FOR IMMEDIATE RELEASE
Contact: Mark Winitz
NAPA VALLEY MARATHON: PARTICIPANTS PREPARE FOR PERSONAL QUESTS
NAPA, Calif. - February 23, 2005 - When 2,300 runners line up for the
27th Annual Napa Valley Marathon on Sunday, March 6, 2005, they will
cover 26.2 miles on foot for as many different reasons as the mind can
conjure. The sport of long distance running has changed since the 1970s
and '80s when a large majority of participants entered races as
competitors, intent on beating their rivals or scoring a personal record.
Today's participants in U.S. road races come in all sizes, are just as
likely to be female as male, and their average age is 36.8 years old,
according to data released by USA Track & Field's Road Running
Information Center in 2004. The estimated number of finishers in U.S.
road races jumped from 4.8 million in 1993 to 7.7 million in 2003. Many
of today's runners, however, are inclined to tackle the marathon distance
as a social endeavor, to raise money for charitable causes, for general
fitness, or simply to complete the challenge, rather than record a fast
The Napa Valley Marathon asked this year's entrants to submit stories
describing their reasons for entering the race.
Connie Marion, 41, of Acampo, CA, an elementary school teacher, is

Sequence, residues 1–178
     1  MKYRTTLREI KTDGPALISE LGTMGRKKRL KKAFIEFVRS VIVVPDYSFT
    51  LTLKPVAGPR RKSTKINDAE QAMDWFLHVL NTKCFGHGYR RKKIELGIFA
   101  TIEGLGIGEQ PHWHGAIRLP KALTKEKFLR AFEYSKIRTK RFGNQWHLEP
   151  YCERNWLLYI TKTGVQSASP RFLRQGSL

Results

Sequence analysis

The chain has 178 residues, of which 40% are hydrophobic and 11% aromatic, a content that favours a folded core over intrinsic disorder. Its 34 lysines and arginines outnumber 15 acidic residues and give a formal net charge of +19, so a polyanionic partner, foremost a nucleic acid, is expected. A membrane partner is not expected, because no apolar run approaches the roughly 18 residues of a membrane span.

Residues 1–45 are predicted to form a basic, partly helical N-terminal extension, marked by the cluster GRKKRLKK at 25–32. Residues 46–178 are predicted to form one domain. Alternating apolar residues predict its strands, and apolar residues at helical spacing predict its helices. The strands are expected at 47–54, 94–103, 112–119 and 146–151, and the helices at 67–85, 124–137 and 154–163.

running the NVM to inspire her students. She has the kids running a mile
or two a day until they each complete a total of 26 miles.
Lee Moncton, 51, of Cupertino, CA says he has survived both lymphoma and
Juan Escobedo, 35, of Sebastopol, CA is running with his 60-year-old
mother, Mercedes, who is hoping to qualify for the Boston Marathon.
Kathleen Herrera, 36, of Angwin, CA will line up at the start in memory
of her recently deceased mother who ran over 40 marathons, including
ultramarathons. "Her spirit lives on in me," Herrera said.
Mark Smith, 49, of Napa, ran his last marathon 20 years ago at the NVM in
a respectable 2:59:18. He's returning to marathon running at this year's
Michael Griffin, 32, of Santa Rosa, CA started training for the race
after his 8-year-old daughter unexpectedly died last year. "Training for
this marathon has helped me release some of the pain," he said.
Cecilia Joyce, 48, a San Francisco resident, started participating in
marathons and triathlons after a double mastectomy due to breast cancer
Lindsay Carl, 26, of Lompoc, CA grew up in Napa. As a graduate of Vintage
High School, where NVM's finish line is located, she has a special
connection to the race. She feels that it's only appropriate that she
finish her first marathon at her old alma mater.
About 150 participants are running to raise money for leukemia, lymphoma,
and myeloma research as part of the Leukemia and Lymphoma Society's Team
in Training program.
Oakland's Hilary Cooper, 36, claims no responsibility for her marathon
undertaking. "My husband is making me do this," she admitted about Graham
Cooper, 35, who ran his first marathon at age 13 and is also entered.
Top entrants in the 2005 Napa Valley Marathon include a vital mix of
youthful talent and fine competitors in the older ranks. The men's field
includes Chris Lundstrom, 28, who coaches cross country at San Francisco
State University, and owns a marathon best of 2 hours, 18 minutes, and 8
seconds. Richie Boulet, 31, of Oakland, is a sub-four-minute miler and